# Tire Uniformity Vibration and Sounds

Tire uniformity refers to uniformity of weight, dimensions and rigidity.
However, since uniformity of weight is ordinarily called “wheel balance” and uniformity of dimensions is called “run-out” uniformity alone usually refers to “uniformity of rigidity”.
When a tire receives a load, it flexes, acting almost as if it were a spring.
The tread, rubber, carcass, belt, and other materials of which the tire is composed are not uniformly distributed around the circumference of the tire, so tire rigidity is not uniform.
As a result, the tire is subject to subtle fluctuations in the way it flexes as it rotates.
These fluctuations introduce a periodic variation in the force which it receives from the road surface.
This force can be resolved into three components:
Fluctuation in the vertical force acting upwards toward the tire’s center (parallel to the tire’s radius).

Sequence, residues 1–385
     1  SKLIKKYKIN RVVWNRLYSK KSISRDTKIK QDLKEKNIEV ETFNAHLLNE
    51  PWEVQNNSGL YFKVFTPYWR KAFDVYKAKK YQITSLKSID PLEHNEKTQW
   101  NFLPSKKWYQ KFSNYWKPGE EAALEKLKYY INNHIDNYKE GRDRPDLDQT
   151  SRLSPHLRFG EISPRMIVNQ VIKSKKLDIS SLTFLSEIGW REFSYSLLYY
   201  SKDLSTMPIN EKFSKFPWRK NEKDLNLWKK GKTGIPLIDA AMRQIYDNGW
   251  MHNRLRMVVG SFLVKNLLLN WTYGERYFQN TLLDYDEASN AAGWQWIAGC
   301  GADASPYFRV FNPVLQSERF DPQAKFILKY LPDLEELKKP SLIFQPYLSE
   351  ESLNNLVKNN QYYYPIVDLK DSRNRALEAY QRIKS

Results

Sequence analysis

Lateral Force Variation (LFV)
Fluctuation in the horizontal force acting parallel to the tire’s axis.
Tractive Force Variation (TFV)
Fluctuation in the horizontal force acting parallel to the tire’s direction of motion.

Among RFV, LFV, and TFV, the most important is RFV.
On an actual vehicle, a tire with a high RFV imposes a vertical vibration on the axle, which can lead to excessive vibration during high-speed travel. Two ways to reduce RFV are (1) to trim minute quantities of rubber from the tire circumference and (2) to shift the tire so that the point with the maximum RFV lines up with the point on the wheel rim having the minimum radial run-out.
This is known as “phase matching”.